"Mañana quiero comprar una cartera verde."
Translation:Tomorrow I want to buy a green purse.
Just for kicks: tomorrow are you doing the wanting or doing the buying (or both)?
You posed an amusing question of semantic meanings. In my language study, the most difficult semantic thing for me so far is the difference between how native Spanish speakers use various forms of "ir" (to go), as in "ir a" (English: "is/are going to"), and how native English speakers use the English verb "to come" (Spanish: venir) in similar semantic constructions.
When I first started DL, when I would translate English literally to Spanish in a sentence like "I am going to the party, DL would tell me that I should use "venir" instead. (Vengo a la fiesta/I am coming to the party.)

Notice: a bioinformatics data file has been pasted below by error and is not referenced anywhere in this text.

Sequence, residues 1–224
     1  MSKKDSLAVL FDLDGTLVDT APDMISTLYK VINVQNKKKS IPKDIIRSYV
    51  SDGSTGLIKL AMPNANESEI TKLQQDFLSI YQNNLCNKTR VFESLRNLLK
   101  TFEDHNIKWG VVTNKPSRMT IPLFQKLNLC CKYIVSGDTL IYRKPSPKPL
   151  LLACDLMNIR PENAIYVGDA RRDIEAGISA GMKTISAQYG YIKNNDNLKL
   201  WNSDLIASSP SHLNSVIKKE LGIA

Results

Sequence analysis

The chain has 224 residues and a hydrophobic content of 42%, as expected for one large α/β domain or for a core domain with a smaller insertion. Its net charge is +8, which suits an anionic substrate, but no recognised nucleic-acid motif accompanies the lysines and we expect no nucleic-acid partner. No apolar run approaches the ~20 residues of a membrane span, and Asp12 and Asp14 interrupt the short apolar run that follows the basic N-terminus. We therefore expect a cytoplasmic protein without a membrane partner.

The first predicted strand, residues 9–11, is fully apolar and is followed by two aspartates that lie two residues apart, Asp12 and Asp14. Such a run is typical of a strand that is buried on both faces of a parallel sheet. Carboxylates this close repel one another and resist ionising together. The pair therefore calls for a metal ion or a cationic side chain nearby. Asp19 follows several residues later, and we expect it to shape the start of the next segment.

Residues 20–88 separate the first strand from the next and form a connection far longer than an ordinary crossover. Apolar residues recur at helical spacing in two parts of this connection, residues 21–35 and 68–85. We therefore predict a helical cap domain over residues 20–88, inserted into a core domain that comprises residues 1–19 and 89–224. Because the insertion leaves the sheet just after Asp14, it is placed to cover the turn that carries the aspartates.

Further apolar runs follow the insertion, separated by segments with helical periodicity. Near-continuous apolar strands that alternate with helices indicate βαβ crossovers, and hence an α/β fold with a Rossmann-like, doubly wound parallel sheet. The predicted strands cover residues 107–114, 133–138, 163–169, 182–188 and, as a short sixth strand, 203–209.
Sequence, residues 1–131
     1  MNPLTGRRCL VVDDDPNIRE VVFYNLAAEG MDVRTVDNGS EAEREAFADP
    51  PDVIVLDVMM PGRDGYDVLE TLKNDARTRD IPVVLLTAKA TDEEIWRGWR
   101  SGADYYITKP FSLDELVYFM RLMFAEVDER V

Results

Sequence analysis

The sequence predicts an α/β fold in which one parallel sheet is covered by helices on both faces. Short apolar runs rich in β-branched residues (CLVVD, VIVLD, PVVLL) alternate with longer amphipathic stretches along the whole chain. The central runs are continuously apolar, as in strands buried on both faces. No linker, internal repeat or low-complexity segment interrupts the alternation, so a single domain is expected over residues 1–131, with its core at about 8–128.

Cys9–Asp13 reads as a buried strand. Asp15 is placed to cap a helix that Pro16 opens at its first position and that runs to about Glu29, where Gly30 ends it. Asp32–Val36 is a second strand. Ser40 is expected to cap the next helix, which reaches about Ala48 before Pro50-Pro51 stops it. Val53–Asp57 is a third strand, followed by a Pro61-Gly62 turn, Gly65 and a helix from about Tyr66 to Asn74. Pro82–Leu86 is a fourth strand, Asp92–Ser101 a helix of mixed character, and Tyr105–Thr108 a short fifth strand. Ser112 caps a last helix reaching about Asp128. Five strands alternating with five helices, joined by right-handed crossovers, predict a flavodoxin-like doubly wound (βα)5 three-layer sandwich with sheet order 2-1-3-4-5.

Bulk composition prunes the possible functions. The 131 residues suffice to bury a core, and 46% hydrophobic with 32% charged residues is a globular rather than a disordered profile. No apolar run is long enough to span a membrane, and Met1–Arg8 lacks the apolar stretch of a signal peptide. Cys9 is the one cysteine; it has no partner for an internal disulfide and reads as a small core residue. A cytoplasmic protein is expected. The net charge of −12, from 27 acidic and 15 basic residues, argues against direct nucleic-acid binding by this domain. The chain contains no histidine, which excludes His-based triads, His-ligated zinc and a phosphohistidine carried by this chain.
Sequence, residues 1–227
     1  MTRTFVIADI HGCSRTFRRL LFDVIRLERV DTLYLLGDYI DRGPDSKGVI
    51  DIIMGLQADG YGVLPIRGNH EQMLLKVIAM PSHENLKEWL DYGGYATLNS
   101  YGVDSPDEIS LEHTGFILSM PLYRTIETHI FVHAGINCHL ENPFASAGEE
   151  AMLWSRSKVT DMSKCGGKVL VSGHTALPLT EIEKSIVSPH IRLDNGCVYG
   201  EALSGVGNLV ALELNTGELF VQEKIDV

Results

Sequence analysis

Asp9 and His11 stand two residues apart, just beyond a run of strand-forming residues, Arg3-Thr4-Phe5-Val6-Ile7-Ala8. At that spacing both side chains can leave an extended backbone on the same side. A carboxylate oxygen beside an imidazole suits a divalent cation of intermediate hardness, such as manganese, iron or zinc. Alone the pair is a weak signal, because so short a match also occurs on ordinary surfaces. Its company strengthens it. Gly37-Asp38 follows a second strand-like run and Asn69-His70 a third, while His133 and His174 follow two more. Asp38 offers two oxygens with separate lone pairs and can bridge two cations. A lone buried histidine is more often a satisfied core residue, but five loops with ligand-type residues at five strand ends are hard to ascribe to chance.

Anyone else have trouble with this, or (have) any helpful concept clarifications that can help me think like someone whose mother tongue is Spanish.
that should work imo, i am a native speaker and i use cartera to mean wallet.
I feel like I am on a one-woman mission to convince DL that pocketbook is a valid translation. So far, no dice.
Gracias. Me gusto la palabra de pocketbook en íngles, y así la nueva palabra vocabularía de cuaderno.
With respect, I beg to differ. Cuaderno refers to a kind of notebook or logbook, not a bag.
Or at least that's what WordReference.(com) seems to think: http://www.wordreference.com/es/en/translation.asp?spen=cuaderno
How can you tell when manana should be morning and when it should be tomorrow?
I think you mainly have to use context. I have seen "este manana" on here, which was meant to mean "this morning." This makes sense because you wouldn't say "this tomorrow." I would also like to know if there is a rule to manana other than inferring from context.
If you're just going to use green the whole time, mix it up. Lime green, emerald green, olive green, grass green.......